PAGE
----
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A.J. Somerset is the author of Arms: The Culture and Credo of the Gun

In the politics of gun control, timing is everything. Canadian Doctors for Protection from Guns (CDPG) made its debut in early February, and might have attracted little attention had the Christchurch, New Zealand, massacre not focused our brief national attention span on guns. An oafish campaign of vexatious complaints to the College of Surgeons organized by the Canadian Coalition for Firearms Rights (CCFR) helped also to bring attention to the doctors’ cause, which is, in short, more research, swift passage of Bill C-71 and a ban on handguns and assault weapons.

The need for more research is undeniable. About six in 10 firearms homicides involve handguns, and most handgun murders are gang-related; but we have no data, nationally, on how gangs get guns. As for long guns, which account for a third of gun homicides, we know even less.

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How many of the long guns used in those murders qualify as assault weapons? Nobody knows. How many assault weapons do Canadians own? Nobody knows. What does “assault weapon” even mean? Nobody agrees – and our gun lobby gleefully confuses the matter.

We do know that only one in five gunshot deaths is murder. The rest, save for a few who die by accident or at the hands of police, are suicides. How many such suicides are by handguns? We don’t know. How many by assault weapons? We don’t know.

Here, CDPG can lead. Suicide itself is a health problem. Gun suicide is, in the U.S. National Rifle Association’s obnoxious term, in the doctors’ lane. And CDPG has repeatedly stressed the importance of the suicide problem. But CDPG is not proposing an anti-suicide strategy. It proposes only a general ban on handguns and assault weapons. Essentially, this is a shirt labelled one size fits most: There’s a good chance it won’t fit you at all.

Suicide is not a gun problem. That is, guns don’t cause suicide, and guns account for only one in five suicide victims. Rather, guns are a suicide problem: They make suicide, especially impulsive suicide, all too easy. It does not help to ban handguns, while leaving shotguns in the home. We must separate suicidal people from all their guns.

But how? We rely on people, and on their families, to recognize a problem they may not fully understand and are all too ready to deny, and we expect them to come forward. Should they come forward, our gun laws are not designed to help. They are designed to punish.

Acknowledge suicidal thoughts, and you stand to see your guns confiscated and destroyed, and your licence revoked. If that seems a small deterrent, consider this: Those guns may be worth thousands of dollars. This is the outcome the law allows.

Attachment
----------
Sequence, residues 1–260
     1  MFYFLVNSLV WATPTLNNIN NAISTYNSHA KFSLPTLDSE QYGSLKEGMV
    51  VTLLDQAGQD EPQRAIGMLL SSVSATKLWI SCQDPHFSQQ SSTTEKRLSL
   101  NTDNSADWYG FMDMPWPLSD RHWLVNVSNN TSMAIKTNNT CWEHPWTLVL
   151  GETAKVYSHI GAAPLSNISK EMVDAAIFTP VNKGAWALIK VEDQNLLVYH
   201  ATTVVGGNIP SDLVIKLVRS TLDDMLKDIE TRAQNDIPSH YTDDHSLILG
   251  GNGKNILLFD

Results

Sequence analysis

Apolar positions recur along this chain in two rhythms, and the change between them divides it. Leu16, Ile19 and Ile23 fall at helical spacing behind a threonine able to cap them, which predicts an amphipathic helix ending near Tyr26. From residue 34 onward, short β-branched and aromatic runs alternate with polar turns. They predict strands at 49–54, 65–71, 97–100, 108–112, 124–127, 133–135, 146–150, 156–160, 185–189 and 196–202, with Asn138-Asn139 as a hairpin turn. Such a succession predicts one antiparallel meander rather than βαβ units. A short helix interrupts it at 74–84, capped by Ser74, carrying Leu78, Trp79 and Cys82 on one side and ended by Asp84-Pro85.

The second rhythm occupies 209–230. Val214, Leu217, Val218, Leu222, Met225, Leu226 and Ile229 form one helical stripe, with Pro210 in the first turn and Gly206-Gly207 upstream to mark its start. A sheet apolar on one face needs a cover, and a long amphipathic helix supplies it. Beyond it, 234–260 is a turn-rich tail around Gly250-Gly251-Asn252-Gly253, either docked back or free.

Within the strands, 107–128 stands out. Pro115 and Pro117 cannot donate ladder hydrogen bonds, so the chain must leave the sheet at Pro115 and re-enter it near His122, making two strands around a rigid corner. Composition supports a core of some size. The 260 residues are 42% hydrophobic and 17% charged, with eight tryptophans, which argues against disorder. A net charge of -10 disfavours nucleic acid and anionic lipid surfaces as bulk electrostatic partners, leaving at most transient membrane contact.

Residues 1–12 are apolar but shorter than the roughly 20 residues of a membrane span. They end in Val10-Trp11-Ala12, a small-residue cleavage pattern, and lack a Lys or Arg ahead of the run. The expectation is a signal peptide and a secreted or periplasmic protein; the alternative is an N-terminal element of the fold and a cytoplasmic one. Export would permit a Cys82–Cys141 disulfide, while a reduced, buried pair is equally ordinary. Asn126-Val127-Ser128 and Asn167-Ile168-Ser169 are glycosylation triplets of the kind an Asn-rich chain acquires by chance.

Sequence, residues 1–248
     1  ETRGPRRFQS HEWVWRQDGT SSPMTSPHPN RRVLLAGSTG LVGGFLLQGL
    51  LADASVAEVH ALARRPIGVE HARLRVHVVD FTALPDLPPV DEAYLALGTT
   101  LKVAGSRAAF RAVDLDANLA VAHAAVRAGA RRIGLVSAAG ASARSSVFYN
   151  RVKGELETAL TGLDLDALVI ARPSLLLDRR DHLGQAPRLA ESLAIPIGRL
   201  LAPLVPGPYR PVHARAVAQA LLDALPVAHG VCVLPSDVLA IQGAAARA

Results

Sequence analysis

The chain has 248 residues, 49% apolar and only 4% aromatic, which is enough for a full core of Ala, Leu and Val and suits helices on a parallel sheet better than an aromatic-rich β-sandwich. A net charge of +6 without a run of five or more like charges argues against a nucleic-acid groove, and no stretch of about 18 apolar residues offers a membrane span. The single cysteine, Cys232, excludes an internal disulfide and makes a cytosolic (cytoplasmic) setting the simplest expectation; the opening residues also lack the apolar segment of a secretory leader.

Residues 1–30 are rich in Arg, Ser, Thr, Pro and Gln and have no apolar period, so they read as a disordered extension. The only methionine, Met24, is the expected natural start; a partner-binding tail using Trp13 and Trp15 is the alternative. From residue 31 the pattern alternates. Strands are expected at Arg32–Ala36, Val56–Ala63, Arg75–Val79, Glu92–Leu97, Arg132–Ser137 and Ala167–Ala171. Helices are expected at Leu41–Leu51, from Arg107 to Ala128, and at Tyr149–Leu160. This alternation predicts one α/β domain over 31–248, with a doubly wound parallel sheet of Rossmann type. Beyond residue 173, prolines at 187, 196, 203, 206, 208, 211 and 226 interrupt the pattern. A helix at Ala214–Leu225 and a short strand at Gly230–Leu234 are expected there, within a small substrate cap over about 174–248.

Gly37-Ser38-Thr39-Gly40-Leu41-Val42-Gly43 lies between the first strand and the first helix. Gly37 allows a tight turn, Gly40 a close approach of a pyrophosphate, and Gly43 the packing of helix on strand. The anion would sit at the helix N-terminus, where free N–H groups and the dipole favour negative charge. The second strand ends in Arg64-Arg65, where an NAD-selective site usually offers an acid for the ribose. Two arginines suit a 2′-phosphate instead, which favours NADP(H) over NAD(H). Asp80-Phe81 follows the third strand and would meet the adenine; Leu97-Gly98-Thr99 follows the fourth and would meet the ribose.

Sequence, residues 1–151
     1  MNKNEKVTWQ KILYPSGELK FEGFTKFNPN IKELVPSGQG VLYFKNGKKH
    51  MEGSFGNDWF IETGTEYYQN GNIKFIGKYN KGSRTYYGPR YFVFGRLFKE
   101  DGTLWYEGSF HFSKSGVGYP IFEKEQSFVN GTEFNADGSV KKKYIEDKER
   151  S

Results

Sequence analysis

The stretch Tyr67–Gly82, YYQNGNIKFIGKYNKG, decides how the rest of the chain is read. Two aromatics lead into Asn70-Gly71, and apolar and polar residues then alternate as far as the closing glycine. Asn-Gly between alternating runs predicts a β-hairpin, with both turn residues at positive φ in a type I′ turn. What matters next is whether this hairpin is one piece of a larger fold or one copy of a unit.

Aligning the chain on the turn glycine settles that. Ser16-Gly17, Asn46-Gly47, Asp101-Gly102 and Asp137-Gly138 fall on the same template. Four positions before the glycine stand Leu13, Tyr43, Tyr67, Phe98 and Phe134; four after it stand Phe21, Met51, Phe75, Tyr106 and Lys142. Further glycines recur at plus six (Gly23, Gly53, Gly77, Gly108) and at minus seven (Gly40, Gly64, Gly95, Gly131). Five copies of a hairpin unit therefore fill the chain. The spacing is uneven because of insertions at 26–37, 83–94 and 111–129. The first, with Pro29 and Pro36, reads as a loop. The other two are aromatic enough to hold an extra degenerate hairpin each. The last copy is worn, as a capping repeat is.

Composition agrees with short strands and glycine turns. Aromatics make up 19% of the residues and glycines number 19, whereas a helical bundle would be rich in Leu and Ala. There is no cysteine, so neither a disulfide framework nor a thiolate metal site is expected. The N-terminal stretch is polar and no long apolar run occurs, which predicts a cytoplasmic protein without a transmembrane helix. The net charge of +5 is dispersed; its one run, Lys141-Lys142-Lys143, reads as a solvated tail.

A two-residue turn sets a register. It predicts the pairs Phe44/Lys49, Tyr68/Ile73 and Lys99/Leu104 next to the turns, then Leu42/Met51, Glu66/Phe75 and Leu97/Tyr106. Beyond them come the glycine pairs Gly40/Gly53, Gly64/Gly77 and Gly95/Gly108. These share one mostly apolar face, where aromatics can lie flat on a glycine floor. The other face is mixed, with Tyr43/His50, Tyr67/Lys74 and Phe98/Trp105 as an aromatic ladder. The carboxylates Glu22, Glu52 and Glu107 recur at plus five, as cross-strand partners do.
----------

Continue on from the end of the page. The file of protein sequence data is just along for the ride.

It is not designed to help people – but it is help that a suicidal person needs. We need a more compassionate Firearms Act, one that allows for temporary licence suspensions and for guns to be sold or kept in trust until a crisis has passed.

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But no one will come forward unless they recognize the problem. And we are too often in denial. We do not recognize when we have problems, or we expect things to blow over. Gun owners tend to deny guns themselves are a problem – especially when anti-gunners say that they are. A person who is determined to kill himself will kill himself regardless, they say.

How can we break through distrust and denial? In the United States, the American Foundation for Suicide Prevention has partnered with the National Shooting Sports Foundation – the national trade association of the firearms industry – to create a suicide prevention toolkit for gun retailers and shooting ranges. As strange as it seems, here is an area where Canada can learn from the United States on guns.

Imagine: Federal and provincial governments might co-operate to fund a suicide education program, developed by mental-health professionals and delivered through target shooting and hunting organizations – a program that would work together with a more compassionate Firearms Act with the sole aim of reducing suicide by firearm.

But pro-control groups will not concede that suicide is not a gun problem. Neither will anti-control groups concede that guns are a suicide problem. Our pro-control lobby has not been open to any move that relaxes the law. Neither do the CCFR and its strident supporters seem likely to co-operate with anyone, or to stand quietly by as others co-operate. Not as regulation moves forward elsewhere.

As it must: We must fix our classification system when it comes to assault weapons. At the very least, we must control them more strictly than we do. Rising extremism, particularly right-wing extremism, cannot be ignored.

So we must learn to ignore our most strident activists. Moderates must marginalize them. Canada needs solutions, and those solutions must go beyond simply tightening laws. And we will not see those solutions until the adults in the room put the children to bed, and sit down to work together.

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